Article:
Oh, what happened to the v-word feature? I'm no longer asked to supply one.

August 06, 2010  
Anonymous Elisabeth said...

Chandler's unsent letter was written in response to his receipt/reading of the final script of "Strangers on a Train."

In a letter to librarian/reviewer of crime fiction James Sandoe the day after the unsent one to Hitchcock, Chandler was working himself into a lather: [Ray] Stark [RC's Hollywood agent] seemed to enjoy suggesting that my script was bad. But it wasn't bad. It was far better than what they finished with. It just had too much Chandler in it and not enough Hitchcock....I fell annoyed that the lady who did the rewriting behind my back, and who is probably little more than a note-taker for Hitchcock, should have been supplied by Stark's office. It's bad enough to be stabbed in the back without having your agency supply the knife...

August 06, 2010  
Blogger Peter Rozovsky said...

Elisabeth, once I enabled comment mofidication at all times, the v-word became superfluous. I didn't need two ways of fighting spam.

August 06, 2010  
Blogger Peter Rozovsky said...

Elisabeth, it sounds to me as if Chandler was just not cut out for Hollywood and was less able than S.J. Perelman to vent his frustration through humor.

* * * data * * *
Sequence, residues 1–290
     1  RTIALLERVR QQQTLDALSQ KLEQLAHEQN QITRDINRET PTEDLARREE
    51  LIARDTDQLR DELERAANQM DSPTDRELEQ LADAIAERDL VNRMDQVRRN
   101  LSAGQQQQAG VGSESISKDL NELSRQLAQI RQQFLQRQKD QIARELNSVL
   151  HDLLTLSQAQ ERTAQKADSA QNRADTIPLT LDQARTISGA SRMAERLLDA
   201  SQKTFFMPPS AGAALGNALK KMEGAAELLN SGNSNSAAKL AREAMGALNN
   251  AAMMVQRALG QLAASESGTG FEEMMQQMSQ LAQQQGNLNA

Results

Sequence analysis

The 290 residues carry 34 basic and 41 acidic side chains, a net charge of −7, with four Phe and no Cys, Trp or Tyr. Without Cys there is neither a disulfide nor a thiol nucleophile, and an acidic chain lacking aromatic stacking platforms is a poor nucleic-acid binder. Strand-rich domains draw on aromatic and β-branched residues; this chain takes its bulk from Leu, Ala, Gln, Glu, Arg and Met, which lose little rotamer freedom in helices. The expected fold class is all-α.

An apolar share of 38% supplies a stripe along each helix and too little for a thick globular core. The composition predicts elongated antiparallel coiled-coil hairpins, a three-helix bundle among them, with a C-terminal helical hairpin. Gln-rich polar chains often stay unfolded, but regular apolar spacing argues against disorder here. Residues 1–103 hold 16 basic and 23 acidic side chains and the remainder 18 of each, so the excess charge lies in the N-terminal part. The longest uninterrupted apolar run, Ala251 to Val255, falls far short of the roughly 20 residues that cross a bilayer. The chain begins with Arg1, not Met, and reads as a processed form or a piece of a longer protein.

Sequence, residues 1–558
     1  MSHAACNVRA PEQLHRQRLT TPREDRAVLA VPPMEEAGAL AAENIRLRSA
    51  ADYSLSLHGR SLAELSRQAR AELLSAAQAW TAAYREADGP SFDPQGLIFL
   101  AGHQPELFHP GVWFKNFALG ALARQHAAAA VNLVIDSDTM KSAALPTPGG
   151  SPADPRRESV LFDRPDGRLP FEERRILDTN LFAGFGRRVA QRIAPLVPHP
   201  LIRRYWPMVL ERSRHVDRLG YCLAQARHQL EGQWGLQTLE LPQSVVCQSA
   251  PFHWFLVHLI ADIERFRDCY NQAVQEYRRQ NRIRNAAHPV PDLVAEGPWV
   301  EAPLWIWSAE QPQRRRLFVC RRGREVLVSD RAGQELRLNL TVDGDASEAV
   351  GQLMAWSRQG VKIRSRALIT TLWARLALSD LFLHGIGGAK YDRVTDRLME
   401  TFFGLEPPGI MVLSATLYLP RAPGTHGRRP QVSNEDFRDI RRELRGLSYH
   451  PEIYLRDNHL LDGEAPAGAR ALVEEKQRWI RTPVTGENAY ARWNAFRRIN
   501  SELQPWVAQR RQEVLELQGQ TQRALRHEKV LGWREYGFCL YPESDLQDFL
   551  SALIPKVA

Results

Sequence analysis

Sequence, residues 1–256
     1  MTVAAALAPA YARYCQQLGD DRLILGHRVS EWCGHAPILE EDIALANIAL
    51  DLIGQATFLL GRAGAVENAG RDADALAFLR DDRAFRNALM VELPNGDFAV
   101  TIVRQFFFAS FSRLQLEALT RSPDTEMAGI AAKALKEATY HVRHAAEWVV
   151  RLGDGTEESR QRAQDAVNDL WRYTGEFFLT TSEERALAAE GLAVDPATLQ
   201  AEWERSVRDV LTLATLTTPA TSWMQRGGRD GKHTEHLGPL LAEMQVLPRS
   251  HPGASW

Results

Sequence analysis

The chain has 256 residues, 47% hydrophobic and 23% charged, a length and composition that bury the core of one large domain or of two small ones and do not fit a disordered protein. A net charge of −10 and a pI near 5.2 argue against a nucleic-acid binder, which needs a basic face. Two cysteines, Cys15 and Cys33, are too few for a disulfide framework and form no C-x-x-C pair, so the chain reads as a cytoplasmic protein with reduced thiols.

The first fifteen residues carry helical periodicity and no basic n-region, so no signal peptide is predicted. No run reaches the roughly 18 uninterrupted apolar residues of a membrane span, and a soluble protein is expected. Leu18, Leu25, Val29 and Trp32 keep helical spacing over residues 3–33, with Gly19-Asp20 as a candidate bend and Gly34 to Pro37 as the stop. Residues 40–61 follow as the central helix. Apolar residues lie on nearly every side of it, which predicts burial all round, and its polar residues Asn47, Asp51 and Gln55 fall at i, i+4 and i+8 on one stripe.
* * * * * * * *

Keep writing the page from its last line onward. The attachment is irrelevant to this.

August 06, 2010  
Anonymous solo said...

Peter, I feel awful. Tramping on the memory of the great Robert Mitchum is just inexcusable. I can't apologise enough. Perhaps, I can achieve a small measure of redemption by linking to the astounding musical efforts of the great man himself. Calypso
never sounded so good.

Damn, I thought you got rid of those V-words. Biuslit? Now, that's just vulgar.

August 07, 2010  
Blogger Peter Rozovsky said...

I knew he wrote the title song for "Thunder Road"; I didn't know he made records, too.

What can I tell you? On the one hand, I've heard worse. On the other, I'm not sorry the world (or at least I) missed out on Humphrey Bogart, Jimmy Stewart, Sterling Hayden, Robert Ryan or Gary Cooper singing.

August 07, 2010